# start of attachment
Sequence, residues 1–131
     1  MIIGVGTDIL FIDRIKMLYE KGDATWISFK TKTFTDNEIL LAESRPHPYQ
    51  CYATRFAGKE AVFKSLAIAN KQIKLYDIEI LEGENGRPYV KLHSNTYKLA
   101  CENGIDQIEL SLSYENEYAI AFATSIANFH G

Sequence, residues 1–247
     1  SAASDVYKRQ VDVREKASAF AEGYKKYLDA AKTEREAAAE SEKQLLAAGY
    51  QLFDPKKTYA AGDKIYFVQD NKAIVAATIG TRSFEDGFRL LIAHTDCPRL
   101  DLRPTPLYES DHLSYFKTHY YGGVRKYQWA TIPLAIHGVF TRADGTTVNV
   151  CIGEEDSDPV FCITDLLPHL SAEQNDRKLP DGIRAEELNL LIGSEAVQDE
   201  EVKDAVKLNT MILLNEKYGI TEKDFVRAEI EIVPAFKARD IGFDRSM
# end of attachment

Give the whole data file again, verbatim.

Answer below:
Sequence, residues 1–131
     1  MIIGVGTDIL FIDRIKMLYE KGDATWISFK TKTFTDNEIL LAESRPHPYQ
    51  CYATRFAGKE AVFKSLAIAN KQIKLYDIEI LEGENGRPYV KLHSNTYKLA
   101  CENGIDQIEL SLSYENEYAI AFATSIANFH G

Sequence, residues 1–247
     1  SAASDVYKRQ VDVREKASAF AEGYKKYLDA AKTEREAAAE SEKQLLAAGY
    51  QLFDPKKTYA AGDKIYFVQD NKAIVAATIG TRSFEDGFRL LIAHTDCPRL
   101  DLRPTPLYES DHLSYFKTHY YGGVRKYQWA TIPLAIHGVF TRADGTTVNV
   151  CIGEEDSDPV FCITDLLPHL SAEQNDRKLP DGIRAEELNL LIGSEAVQDE
   201  EVKDAVKLNT MILLNEKYGI TEKDFVRAEI EIVPAFKARD IGFDRSM